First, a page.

Author + information
- Hoang Minh Tran1,
- Vien Thanh Truong1,
- Pham Phuong Linh2,
- Nguyen Minh Tri Nhan2,
- Thach Nguyen2,3 and
- Gianluca Rigatelli4
We aimed to evaluate the clinical, microbiological characteristics and risk factors for mortality of infective endocarditis in in-patients.
A retrospective study of 189 patients (120 men, 69 women; mean age 38 ± 18.0 years) with the diagnosis of probable or definite endocarditis (IE) according to the modified Duke Criteria admitted to The Heart Institute or Tam Duc Hospital between January 2005 and December 2014.
IE was related to a native valve in 165 patients (87.3%), and mechanical prosthetic valve in 24 (12.7%). Of the 189 patients in our series, the culture positive rate was 70.4%. The most common isolated pathogens were Streptococci (75.2%), Staphylococci (9.8%) followed by gram negative organism (4.5%). The sensitivity rate of Streptococci to ampicillin, ceftriaxone or vancomycin was 100%. The rate of methicillin resistant Staphylococcus aureus was 40%. There was a decrease in penicillin sensitivity for Streptococci over three eras: 2005 – 2007 (100%), and 2008 – 2010 (94%) and 2010 – 2014 (84%). The in-hospital mortality rate was 6.9%. Multivariate analysis found prosthetic valve involvement (OR = 46.27; p = 0.002) and NYHA grade 3 or 4 heart failure (OR = 38.38; p=0,003) as predictors of in-hospital mortality.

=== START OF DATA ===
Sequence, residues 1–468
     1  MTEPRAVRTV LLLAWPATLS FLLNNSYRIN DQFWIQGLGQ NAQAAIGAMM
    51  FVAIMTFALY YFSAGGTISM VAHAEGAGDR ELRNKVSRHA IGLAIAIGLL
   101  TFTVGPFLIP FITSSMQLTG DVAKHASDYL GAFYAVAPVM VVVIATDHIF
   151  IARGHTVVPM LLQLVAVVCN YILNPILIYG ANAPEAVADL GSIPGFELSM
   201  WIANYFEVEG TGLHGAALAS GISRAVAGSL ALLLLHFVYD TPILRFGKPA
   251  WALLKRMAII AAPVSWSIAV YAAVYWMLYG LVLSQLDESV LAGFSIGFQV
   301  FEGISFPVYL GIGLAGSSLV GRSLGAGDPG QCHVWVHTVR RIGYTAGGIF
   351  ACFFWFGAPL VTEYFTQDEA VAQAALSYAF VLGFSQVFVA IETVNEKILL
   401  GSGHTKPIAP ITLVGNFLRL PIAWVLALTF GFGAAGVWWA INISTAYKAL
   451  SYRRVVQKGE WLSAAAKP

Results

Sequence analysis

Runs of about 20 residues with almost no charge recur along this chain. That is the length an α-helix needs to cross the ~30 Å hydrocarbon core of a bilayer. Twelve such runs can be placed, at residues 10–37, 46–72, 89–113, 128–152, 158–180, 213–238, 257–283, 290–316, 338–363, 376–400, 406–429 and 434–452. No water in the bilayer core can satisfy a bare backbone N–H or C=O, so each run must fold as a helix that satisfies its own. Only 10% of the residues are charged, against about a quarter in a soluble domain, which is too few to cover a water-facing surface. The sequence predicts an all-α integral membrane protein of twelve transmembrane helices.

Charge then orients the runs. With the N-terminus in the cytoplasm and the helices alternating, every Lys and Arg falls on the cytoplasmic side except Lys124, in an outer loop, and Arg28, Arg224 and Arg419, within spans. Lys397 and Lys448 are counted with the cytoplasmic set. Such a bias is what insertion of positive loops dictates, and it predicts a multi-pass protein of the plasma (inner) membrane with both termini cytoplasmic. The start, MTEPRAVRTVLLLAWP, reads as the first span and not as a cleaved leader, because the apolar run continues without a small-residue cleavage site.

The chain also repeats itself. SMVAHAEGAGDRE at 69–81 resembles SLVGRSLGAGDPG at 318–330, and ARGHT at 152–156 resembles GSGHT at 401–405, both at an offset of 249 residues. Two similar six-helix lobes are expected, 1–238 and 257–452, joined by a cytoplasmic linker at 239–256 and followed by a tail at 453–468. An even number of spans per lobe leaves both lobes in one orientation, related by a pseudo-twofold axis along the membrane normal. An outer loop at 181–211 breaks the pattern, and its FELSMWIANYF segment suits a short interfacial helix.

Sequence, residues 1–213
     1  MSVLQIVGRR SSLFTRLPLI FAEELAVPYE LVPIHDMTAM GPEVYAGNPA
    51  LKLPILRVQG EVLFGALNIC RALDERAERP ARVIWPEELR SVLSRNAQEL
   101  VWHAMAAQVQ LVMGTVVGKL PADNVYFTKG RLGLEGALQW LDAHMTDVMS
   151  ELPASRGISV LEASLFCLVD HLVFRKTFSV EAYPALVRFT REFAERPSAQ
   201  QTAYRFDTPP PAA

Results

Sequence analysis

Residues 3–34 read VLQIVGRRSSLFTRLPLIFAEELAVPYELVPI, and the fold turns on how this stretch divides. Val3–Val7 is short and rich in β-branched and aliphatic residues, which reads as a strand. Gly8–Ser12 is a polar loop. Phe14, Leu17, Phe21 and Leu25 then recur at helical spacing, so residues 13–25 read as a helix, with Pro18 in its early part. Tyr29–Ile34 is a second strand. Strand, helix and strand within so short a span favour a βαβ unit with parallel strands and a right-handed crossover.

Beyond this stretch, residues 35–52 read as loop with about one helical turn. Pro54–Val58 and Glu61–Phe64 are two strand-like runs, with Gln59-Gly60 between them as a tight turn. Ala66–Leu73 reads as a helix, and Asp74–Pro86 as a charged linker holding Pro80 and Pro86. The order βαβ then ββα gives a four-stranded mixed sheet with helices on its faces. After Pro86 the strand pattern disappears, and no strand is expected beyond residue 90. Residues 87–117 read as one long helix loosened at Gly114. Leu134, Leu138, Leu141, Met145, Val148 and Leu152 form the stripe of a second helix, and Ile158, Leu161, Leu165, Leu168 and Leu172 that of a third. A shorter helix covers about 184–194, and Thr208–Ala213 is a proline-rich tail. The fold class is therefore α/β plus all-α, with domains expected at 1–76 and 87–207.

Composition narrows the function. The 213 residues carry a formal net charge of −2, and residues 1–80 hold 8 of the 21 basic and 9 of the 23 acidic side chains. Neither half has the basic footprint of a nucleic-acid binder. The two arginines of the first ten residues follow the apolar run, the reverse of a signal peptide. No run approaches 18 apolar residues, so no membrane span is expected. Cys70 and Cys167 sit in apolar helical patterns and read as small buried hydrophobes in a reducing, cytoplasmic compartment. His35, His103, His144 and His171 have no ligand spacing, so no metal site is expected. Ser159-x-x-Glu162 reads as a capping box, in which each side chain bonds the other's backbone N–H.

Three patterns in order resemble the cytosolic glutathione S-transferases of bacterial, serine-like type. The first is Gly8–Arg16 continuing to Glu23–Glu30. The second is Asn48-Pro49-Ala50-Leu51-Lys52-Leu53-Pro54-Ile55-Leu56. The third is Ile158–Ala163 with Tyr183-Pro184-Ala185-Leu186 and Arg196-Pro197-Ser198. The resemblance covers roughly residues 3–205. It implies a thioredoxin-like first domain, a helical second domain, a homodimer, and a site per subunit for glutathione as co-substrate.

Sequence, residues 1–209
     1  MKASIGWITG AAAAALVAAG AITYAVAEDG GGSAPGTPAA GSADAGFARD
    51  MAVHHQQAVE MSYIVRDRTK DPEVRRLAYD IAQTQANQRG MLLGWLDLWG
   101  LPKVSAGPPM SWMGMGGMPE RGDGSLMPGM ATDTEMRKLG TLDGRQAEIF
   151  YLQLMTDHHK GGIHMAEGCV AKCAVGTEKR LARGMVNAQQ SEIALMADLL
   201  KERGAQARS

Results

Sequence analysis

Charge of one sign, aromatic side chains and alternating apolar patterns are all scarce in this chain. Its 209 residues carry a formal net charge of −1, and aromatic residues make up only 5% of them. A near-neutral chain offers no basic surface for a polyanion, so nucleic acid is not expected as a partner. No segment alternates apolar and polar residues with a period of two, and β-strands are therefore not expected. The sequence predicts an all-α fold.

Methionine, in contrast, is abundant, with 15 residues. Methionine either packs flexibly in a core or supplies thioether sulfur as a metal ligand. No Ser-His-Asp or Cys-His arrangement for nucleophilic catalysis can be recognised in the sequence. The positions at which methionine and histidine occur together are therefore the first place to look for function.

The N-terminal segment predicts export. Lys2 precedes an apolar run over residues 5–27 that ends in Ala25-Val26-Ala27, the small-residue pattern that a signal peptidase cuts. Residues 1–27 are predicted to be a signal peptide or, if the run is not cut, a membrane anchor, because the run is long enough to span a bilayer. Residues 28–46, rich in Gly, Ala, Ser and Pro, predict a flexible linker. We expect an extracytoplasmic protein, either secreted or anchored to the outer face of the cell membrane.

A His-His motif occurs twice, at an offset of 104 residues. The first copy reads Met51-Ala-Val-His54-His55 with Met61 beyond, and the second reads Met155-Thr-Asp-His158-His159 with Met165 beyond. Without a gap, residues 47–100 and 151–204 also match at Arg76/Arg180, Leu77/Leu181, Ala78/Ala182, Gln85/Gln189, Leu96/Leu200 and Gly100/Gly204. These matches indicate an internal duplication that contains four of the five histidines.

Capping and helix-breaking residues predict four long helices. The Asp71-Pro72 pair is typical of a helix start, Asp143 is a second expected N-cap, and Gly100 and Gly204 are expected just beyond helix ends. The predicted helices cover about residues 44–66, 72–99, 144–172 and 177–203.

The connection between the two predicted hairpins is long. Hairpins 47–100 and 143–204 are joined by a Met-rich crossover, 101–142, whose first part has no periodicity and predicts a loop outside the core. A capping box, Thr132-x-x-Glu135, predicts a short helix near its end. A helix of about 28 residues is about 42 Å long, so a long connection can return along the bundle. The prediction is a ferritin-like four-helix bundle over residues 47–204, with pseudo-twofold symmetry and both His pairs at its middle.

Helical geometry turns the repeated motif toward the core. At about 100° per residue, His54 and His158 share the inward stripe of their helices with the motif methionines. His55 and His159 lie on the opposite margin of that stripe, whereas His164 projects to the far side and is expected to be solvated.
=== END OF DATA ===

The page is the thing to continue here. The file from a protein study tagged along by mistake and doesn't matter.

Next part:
Streptococci was still the major pathogen of IE in the recent years with remaining high sensitivity rate to antibiotics. Prosthetic valve involvement, moderate or severe heart failure were independent predictors for in-hospital mortality in IE.